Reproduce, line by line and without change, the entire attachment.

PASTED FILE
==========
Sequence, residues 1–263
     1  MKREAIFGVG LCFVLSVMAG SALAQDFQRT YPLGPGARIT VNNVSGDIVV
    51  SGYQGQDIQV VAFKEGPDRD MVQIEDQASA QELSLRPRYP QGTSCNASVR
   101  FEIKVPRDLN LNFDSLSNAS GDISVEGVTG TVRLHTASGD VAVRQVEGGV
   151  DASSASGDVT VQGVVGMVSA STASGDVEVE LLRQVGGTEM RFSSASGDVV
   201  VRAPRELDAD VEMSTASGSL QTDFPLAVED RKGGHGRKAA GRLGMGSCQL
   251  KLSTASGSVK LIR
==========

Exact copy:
Sequence, residues 1–263
     1  MKREAIFGVG LCFVLSVMAG SALAQDFQRT YPLGPGARIT VNNVSGDIVV
    51  SGYQGQDIQV VAFKEGPDRD MVQIEDQASA QELSLRPRYP QGTSCNASVR
   101  FEIKVPRDLN LNFDSLSNAS GDISVEGVTG TVRLHTASGD VAVRQVEGGV
   151  DASSASGDVT VQGVVGMVSA STASGDVEVE LLRQVGGTEM RFSSASGDVV
   201  VRAPRELDAD VEMSTASGSL QTDFPLAVED RKGGHGRKAA GRLGMGSCQL
   251  KLSTASGSVK LIR